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Constructor protected

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Why some classes are seen to has their constructors declared as "protected"?
Thanks!
Jul 22 '05 #1
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"away" <Gu*******@spambs.com> wrote in message
news:AF*******************@bgtnsc04-news.ops.worldnet.att.net...
Why some classes are seen to has their constructors declared as
"protected"?
Thanks!


Because the constructor is meant to be used by a derived class only.

If all the constructors are protected then I guess its a way of saying don't
declare a variable with this class, derive your own class from this class
and use that. But I'd also say there a better ways of doing that, just
making the class abstract will also have the same effect.

john
Jul 22 '05 #2

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"John Harrison" <jo*************@hotmail.com> escribió en el mensaje
news:2r*************@uni-berlin.de...

"away" <Gu*******@spambs.com> wrote in message
news:AF*******************@bgtnsc04-news.ops.worldnet.att.net...
Why some classes are seen to has their constructors declared as
"protected"?
Thanks!

Because the constructor is meant to be used by a derived class only.

If all the constructors are protected then I guess its a way of saying

don't declare a variable with this class, derive your own class from this class
and use that. But I'd also say there a better ways of doing that, just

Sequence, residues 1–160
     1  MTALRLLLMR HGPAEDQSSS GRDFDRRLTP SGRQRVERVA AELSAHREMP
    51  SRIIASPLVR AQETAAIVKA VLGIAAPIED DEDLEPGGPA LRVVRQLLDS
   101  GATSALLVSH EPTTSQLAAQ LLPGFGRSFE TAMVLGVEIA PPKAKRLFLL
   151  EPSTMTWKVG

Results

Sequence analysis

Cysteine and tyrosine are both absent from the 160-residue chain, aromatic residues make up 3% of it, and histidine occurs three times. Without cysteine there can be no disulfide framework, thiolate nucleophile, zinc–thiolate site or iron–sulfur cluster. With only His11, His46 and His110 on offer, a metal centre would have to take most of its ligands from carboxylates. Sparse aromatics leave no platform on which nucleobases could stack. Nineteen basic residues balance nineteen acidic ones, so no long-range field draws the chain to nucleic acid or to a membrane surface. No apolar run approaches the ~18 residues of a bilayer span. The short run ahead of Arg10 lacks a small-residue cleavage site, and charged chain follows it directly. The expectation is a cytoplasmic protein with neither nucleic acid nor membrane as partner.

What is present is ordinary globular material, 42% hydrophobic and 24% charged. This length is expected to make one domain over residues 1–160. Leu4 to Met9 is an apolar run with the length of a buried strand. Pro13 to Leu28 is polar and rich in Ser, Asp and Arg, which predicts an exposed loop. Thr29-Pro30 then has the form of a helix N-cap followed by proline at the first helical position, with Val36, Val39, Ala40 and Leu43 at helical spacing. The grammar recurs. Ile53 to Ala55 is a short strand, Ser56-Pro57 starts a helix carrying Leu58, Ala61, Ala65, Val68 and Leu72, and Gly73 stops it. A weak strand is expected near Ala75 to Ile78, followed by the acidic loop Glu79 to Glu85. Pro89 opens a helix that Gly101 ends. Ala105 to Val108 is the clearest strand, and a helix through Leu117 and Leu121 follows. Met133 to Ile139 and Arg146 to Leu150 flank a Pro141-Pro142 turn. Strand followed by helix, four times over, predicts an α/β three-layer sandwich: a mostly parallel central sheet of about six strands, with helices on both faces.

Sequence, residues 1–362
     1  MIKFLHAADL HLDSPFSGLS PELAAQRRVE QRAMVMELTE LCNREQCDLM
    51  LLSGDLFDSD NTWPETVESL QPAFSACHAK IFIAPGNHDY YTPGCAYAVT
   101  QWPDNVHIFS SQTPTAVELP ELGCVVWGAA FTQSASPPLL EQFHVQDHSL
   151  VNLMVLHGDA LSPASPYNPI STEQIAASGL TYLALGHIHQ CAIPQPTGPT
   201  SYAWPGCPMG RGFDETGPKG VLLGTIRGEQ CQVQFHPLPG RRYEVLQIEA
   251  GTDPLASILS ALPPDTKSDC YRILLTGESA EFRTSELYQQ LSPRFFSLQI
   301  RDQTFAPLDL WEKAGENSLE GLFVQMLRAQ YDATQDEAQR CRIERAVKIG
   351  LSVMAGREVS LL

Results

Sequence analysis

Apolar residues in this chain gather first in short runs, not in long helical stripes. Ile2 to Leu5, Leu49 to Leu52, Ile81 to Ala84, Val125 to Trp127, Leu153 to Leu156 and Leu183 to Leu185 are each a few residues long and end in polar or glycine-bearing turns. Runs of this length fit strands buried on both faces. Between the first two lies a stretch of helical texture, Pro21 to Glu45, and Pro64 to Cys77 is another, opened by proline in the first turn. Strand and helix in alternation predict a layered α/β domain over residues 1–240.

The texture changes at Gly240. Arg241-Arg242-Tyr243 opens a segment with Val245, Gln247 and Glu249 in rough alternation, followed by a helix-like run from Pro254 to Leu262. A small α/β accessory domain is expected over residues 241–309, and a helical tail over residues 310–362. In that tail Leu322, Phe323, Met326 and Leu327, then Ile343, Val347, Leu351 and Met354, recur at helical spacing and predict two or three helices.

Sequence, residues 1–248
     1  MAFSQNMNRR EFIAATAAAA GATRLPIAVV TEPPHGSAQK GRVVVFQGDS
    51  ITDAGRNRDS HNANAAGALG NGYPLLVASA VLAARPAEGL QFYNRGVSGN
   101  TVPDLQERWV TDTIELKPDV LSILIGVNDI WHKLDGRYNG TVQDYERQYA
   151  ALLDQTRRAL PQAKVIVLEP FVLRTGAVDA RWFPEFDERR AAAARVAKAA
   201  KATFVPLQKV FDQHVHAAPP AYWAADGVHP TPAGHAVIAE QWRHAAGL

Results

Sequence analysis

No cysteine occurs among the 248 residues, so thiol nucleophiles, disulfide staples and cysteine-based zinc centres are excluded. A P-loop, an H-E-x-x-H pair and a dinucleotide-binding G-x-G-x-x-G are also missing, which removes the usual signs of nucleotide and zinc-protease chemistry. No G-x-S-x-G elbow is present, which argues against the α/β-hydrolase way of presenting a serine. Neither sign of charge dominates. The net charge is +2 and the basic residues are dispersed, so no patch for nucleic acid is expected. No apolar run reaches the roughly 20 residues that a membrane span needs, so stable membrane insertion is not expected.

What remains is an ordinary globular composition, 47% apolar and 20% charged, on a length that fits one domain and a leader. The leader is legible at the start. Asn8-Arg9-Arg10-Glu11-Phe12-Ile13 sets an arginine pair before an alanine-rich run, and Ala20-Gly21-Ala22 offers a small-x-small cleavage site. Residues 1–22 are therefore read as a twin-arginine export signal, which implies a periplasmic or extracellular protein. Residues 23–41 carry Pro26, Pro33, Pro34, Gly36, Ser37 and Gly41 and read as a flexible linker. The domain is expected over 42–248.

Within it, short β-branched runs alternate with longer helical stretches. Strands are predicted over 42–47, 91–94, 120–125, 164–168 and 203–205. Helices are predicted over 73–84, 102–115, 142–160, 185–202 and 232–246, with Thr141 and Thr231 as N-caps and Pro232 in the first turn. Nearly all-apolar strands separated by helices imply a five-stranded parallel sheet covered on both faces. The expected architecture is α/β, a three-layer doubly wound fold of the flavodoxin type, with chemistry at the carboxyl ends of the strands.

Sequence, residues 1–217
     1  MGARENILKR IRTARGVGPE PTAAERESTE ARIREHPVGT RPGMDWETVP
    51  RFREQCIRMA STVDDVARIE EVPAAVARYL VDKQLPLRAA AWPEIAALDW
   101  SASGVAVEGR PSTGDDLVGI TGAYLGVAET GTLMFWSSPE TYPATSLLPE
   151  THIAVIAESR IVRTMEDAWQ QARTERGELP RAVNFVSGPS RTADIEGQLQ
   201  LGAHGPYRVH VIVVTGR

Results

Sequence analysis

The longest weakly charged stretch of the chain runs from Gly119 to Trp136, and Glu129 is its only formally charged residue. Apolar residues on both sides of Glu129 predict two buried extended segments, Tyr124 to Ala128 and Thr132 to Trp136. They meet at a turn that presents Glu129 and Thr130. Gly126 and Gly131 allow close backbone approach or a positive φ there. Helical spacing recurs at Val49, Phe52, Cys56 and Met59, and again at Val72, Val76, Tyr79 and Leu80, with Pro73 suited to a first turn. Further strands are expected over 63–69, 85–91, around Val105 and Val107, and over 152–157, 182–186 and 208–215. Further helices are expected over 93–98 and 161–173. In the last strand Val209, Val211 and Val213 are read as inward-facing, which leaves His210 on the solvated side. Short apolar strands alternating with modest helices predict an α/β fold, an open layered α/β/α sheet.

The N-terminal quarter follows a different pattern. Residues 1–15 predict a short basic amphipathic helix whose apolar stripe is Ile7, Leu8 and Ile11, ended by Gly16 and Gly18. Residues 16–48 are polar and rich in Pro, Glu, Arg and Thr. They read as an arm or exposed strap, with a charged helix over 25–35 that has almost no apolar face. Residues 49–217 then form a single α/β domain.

making the class abstract will also have the same effect.

john


An abstract class should not include any public constructor, just because it
is not allowed to create instances directly from it. This is true for
abstract classes including pure virtual member functions, and for abstract
classes with all their methods implemented, too.

But an abstract class should still include at least one protected
constructor (and, optionally, additional protected and or private
constructors). The reason is that a class, abstract or not, having data
members or not, always have the responsibility of initializing itself.

In a correct object-oriented scheme, all class' data members should be
declared as private. Thus, a class always should have access to its own
(private) data members, and any more. In fact, deerived classes should not
know nothing about their base classes' data members. Consequently, derived
classes should not have access to their base classes' data members, but
should access them through their base classes' public and/or protected
interface. So protected constructors are required by derived classes to
initialize their base classes in a coherent way.
Jul 22 '05 #3

P: n/a
Rubén Campos wrote:
An abstract class should not include any public constructor, just because
it is not allowed to create instances directly from it.
Why?
This is true for abstract classes including pure virtual member functions,
Which would be the definition of "abstract class".
and for abstract classes with all their methods implemented, too.
Implementing a function an making it pure virtual are not mutually
exclusive.
But an abstract class should still include at least one protected
constructor (and, optionally, additional protected and or private
constructors). The reason is that a class, abstract or not, having data
members or not, always have the responsibility of initializing itself.
If it doens't have members, there is nothing to initialize. Also, if you
don't write an own constructor, the compiler will generate a default